Ferguson ferries shipyard were masters of their own demise
The directors of a ferry company at the centre of a dispute into two delayed and over budget ships have told an inquiry that the firm building them was “hopelessly inefficient”.
Bosses at Caledonian Marine Assets Limited (CMAL) Kevin Hobbs and James Anderson said builders Ferguson Marine were the “masters of their own demise”.
They were giving evidence at an inquiry into the deal at Holyrood.
It was confirmed in December that the vessels could be three years late.
Their final bill is expected to be close to double the original budget.
In 2015, the £97m order was considered a lifeline for the Ferguson shipyard in Port Glasgow – the last commercial yard on the Clyde – which had been bought out of administration by industrialist Jim McColl the previous year.
But the contract resulted in the yard re-entering administration. The yard has since been nationalised by the SNP government and the final cost of building the two new ferries for Arran and the Hebrides is expected to be close to £200m.
What’s been said so far?
CMAL bosses’ evidence to the Rural Economy and Connectivity Committee follows a session in December in which MSPs heard from the disgraced former finance secretary Derek Mackay that the ferries would be delayed and could more than double their initial price.
He also claimed mismanagement at Ferguson Marine was to blame for the problem.
The shipyard was bought over by Scottish ministers led by Derek Mackay in consultation with First Minister Nicola Sturgeon in August last year, after it collapsed into administration.
It is alleged that Mr McColl, whose experience included producing kitchens at a factory in the Broadmeadow Industrial Estate at Dumbarton was not as competent at building ferries as he was kitchen units and the price soared exponentially.
However, in February former Ferguson director Jim McColl blamed CMAL for the delay and the projected overspend during his appearance at the inquiry.
He said there were repeated changes made to the specification of the ships.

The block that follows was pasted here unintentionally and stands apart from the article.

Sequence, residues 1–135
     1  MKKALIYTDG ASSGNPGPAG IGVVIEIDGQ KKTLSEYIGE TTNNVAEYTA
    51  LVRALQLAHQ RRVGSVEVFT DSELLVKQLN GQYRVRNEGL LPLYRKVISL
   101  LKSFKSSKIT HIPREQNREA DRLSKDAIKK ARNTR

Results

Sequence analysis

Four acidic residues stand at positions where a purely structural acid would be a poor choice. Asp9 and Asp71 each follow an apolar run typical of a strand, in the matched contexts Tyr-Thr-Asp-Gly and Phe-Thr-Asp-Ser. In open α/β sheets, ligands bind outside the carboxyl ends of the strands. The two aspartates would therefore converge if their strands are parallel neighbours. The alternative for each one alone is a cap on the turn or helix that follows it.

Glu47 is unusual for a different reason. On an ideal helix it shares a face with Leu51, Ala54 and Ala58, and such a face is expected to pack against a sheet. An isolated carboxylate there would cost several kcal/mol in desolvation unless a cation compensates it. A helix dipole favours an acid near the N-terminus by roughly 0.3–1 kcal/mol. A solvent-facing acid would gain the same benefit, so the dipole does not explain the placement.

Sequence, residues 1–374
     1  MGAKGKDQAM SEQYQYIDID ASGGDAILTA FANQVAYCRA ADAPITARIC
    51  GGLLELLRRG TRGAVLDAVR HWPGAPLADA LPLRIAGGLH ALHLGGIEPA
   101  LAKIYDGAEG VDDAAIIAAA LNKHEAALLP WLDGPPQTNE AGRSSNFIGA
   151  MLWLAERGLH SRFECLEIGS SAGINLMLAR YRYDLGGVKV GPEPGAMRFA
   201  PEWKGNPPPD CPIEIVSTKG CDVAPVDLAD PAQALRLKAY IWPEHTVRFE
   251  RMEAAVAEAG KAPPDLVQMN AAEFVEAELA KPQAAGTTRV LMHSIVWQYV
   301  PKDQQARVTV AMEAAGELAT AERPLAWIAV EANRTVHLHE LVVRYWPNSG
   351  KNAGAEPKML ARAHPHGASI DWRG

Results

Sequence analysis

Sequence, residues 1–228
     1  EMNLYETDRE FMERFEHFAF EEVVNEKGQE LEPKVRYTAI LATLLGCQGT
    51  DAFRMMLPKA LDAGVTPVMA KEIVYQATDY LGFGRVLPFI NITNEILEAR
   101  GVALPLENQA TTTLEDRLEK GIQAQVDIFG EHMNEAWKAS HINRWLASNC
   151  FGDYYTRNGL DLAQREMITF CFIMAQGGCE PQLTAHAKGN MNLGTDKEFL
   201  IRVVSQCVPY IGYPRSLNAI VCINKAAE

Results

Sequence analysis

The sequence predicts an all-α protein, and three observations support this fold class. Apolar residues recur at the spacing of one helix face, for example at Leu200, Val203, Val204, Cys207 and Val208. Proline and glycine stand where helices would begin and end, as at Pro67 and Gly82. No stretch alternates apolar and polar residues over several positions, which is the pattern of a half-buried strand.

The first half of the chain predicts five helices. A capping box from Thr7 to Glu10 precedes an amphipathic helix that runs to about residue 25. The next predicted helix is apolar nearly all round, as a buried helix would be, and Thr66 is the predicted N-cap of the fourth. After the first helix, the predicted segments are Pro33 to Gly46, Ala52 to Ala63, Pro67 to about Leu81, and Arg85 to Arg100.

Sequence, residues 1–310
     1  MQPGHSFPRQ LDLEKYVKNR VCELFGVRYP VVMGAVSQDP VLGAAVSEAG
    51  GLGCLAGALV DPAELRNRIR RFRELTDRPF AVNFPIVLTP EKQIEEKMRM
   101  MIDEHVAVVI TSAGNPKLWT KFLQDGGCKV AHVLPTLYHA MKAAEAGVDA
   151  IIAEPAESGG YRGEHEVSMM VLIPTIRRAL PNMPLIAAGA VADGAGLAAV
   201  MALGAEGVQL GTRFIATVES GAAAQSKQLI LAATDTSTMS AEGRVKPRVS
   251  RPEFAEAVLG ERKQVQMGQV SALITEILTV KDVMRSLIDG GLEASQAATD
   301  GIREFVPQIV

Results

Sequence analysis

He also claimed First Minister Nicola Sturgeon, right, announced the details of the ferry contract, including the cost of the vessels, before it had been agreed.
How did CMAL respond?
Turning to Mr McColl’s assertion that CMAL kept changing the designs, Kevin Hobbs told the committee that Ferguson’s were “not being truthful”.
He added that 111 changes were looked at. Of these, 30 were never progressed after discussion, while 46 changes were prompted by Ferguson and 35 prompted by CMAL.
Mr Hobbs added that CMAL had to pay £1.55m for the changes it asked for.
What Ferguson is describing when it talks about changes are “their own mistakes”, he added.
Mr Hobbs suggested to the committee that previous evidence MSPs have heard from others has been “disingenuous”.
Responding to claims made by Mr McColl during a previous session that Nicola Sturgeon had announced the details of the ferry contract, including the cost of the vessels, before it had been agreed, he said CMAL had the “final negotiated stamped payment schedule” on the 27 August 2018, and the announcement from the first minister did not come until 31 August that year.
Mr Hobbs added: “Obviously you’ve listened to evidence from other people and I think quite a lot of that evidence is disingenuous.”
In its 41-page submission to the inquiry published ahead of Wednesday’s session, CMAL described Mr McColl’s assertion that Ms Sturgeon announced the contract before the details were agreed as “wholly false”.